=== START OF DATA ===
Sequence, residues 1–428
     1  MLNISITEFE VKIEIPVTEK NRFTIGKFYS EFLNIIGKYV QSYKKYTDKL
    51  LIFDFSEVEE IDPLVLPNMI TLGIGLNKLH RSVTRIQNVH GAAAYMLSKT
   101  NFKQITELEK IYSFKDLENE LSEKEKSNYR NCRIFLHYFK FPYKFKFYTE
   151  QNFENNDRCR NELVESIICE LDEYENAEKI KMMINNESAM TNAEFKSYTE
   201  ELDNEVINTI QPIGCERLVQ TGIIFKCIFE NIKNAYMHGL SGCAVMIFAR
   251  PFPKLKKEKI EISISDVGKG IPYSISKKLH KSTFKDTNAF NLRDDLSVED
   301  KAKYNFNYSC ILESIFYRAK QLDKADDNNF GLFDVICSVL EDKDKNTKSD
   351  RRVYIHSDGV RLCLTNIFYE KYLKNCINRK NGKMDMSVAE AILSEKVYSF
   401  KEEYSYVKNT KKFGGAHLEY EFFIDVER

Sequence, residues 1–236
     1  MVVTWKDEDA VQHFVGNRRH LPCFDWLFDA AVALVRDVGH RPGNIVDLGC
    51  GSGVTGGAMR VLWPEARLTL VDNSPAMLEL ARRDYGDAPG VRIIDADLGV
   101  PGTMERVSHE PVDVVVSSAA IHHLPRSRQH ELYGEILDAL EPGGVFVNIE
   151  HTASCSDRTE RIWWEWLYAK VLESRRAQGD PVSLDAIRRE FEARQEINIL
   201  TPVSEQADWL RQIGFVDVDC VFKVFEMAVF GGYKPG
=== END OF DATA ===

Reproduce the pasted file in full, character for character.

Sequence, residues 1–428
     1  MLNISITEFE VKIEIPVTEK NRFTIGKFYS EFLNIIGKYV QSYKKYTDKL
    51  LIFDFSEVEE IDPLVLPNMI TLGIGLNKLH RSVTRIQNVH GAAAYMLSKT
   101  NFKQITELEK IYSFKDLENE LSEKEKSNYR NCRIFLHYFK FPYKFKFYTE
   151  QNFENNDRCR NELVESIICE LDEYENAEKI KMMINNESAM TNAEFKSYTE
   201  ELDNEVINTI QPIGCERLVQ TGIIFKCIFE NIKNAYMHGL SGCAVMIFAR
   251  PFPKLKKEKI EISISDVGKG IPYSISKKLH KSTFKDTNAF NLRDDLSVED
   301  KAKYNFNYSC ILESIFYRAK QLDKADDNNF GLFDVICSVL EDKDKNTKSD
   351  RRVYIHSDGV RLCLTNIFYE KYLKNCINRK NGKMDMSVAE AILSEKVYSF
   401  KEEYSYVKNT KKFGGAHLEY EFFIDVER

Sequence, residues 1–236
     1  MVVTWKDEDA VQHFVGNRRH LPCFDWLFDA AVALVRDVGH RPGNIVDLGC
    51  GSGVTGGAMR VLWPEARLTL VDNSPAMLEL ARRDYGDAPG VRIIDADLGV
   101  PGTMERVSHE PVDVVVSSAA IHHLPRSRQH ELYGEILDAL EPGGVFVNIE
   151  HTASCSDRTE RIWWEWLYAK VLESRRAQGD PVSLDAIRRE FEARQEINIL
   201  TPVSEQADWL RQIGFVDVDC VFKVFEMAVF GGYKPG